Jul 28 2011
Last week when I wrote about the Avian Architecture book, Sharon Leadbitter commented on two amazing nests she’d seen on the web. Here’s one of them.
Sociable weavers (Philetairus socius) are sparrow-sized birds who live in the Kalahari desert in Namibia, Botswana and South Africa.
Unlike most birds who build a nest for their own babies and then abandon it when the young have flown, sociable weavers build a permanent structure that functions as a communal nest and roost. It’s the size of a small car, the largest nest found anywhere, and can house up to 100 pairs of birds, their children and grandchildren.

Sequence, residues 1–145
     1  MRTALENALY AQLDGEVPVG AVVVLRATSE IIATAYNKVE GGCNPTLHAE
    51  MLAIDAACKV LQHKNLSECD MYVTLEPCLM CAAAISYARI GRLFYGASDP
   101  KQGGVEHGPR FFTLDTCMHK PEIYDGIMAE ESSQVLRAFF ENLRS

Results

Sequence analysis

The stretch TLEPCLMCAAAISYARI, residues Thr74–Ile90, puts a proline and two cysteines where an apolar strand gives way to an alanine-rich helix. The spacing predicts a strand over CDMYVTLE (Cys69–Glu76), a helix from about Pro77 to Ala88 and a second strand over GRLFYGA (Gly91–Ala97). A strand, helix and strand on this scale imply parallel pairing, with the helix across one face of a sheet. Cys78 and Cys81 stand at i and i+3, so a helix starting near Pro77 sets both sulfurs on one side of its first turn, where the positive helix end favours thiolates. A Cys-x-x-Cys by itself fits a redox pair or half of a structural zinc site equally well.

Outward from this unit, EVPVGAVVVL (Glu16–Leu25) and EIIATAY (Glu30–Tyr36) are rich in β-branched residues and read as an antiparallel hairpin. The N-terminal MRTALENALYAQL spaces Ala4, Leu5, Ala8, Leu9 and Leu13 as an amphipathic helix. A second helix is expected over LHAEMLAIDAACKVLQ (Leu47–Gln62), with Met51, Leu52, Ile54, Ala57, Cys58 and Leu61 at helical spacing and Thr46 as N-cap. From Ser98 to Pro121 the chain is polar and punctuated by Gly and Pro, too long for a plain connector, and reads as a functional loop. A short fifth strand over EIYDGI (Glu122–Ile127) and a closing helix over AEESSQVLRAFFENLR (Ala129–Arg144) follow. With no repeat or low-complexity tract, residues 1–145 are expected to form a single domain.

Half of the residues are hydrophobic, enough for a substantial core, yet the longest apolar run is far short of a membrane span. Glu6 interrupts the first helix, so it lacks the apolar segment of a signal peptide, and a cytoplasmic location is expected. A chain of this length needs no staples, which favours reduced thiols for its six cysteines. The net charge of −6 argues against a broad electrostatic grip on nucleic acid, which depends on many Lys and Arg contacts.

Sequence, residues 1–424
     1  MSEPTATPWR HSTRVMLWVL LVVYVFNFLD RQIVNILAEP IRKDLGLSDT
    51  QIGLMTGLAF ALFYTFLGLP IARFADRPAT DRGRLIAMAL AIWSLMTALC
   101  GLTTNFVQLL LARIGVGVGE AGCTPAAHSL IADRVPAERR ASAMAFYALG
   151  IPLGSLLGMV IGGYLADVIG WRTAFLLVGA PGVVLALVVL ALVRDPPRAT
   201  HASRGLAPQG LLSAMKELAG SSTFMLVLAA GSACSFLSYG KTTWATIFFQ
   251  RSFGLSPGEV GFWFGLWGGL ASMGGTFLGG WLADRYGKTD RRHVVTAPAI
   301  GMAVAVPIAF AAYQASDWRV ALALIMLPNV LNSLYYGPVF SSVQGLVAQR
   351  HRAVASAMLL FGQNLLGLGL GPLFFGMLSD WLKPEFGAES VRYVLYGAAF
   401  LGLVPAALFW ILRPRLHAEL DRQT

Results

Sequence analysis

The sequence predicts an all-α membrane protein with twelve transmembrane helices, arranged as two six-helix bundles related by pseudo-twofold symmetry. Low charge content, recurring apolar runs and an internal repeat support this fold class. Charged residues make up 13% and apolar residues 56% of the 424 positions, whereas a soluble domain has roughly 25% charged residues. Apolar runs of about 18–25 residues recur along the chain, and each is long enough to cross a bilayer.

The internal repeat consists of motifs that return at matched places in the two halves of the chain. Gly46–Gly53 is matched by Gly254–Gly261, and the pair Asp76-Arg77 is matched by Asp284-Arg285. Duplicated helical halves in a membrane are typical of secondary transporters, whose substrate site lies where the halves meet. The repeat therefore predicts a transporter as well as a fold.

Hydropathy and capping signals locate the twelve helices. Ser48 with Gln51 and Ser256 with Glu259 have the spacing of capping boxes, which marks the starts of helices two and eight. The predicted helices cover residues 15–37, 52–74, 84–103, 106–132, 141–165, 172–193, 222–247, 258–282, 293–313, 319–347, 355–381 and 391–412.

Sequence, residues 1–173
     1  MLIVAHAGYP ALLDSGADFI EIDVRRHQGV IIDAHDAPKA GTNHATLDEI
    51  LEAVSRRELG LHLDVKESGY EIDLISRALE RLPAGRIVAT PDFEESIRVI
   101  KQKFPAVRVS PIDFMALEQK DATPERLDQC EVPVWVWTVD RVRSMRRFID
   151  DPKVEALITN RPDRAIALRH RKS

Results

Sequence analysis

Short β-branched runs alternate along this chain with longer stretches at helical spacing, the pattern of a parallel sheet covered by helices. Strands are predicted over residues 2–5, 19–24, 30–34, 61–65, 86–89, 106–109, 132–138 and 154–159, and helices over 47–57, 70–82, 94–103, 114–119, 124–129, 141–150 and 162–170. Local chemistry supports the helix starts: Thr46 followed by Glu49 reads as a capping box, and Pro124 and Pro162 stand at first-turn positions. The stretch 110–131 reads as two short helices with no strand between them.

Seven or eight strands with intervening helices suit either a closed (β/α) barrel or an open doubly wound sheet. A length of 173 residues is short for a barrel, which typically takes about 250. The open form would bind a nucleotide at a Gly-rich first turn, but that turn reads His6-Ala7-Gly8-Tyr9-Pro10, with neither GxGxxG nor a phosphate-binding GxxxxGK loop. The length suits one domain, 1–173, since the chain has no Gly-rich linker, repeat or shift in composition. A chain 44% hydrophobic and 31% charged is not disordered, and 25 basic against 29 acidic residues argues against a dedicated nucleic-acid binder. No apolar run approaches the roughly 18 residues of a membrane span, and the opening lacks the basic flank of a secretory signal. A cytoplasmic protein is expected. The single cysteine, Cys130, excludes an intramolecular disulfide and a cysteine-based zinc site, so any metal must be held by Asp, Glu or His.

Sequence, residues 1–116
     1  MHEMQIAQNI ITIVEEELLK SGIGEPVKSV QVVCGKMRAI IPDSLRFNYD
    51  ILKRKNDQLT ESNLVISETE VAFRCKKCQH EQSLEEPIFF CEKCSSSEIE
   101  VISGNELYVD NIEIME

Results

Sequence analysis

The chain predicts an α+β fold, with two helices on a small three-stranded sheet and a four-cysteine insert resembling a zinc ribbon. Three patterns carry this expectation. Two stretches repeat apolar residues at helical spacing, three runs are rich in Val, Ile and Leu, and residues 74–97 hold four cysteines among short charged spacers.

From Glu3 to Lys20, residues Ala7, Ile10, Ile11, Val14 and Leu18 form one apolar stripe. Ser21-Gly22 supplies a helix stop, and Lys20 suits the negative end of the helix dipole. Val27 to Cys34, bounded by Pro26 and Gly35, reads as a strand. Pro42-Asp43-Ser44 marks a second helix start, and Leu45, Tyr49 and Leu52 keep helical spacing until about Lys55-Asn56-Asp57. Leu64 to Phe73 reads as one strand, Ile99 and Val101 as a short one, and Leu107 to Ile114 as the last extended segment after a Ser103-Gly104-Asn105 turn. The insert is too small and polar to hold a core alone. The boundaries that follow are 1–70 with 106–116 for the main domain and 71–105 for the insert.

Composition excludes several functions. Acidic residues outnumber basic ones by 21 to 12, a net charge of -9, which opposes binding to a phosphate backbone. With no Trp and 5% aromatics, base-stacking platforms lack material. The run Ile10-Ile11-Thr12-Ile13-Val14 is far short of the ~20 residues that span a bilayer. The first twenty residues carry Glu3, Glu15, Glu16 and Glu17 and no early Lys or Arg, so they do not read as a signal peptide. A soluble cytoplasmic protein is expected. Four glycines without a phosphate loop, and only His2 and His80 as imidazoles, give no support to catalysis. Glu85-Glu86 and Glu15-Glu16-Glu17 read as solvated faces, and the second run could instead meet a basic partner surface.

The top of the nest is basically flat while the underside, shown above, is dotted with entries to the chambers. The weavers build it entirely of straws which they shove into the structure. This BBC video by David Attenborough shows how the weavers do it.
Sociable weavers are such good builders that other species, such as the pygmy falcon, nest in the empty chambers while the weavers live there.
It’s an amazing feat for a small bird. They’ve built a city in a tree.
(photo BBC Worldwide video posted on YouTube.com)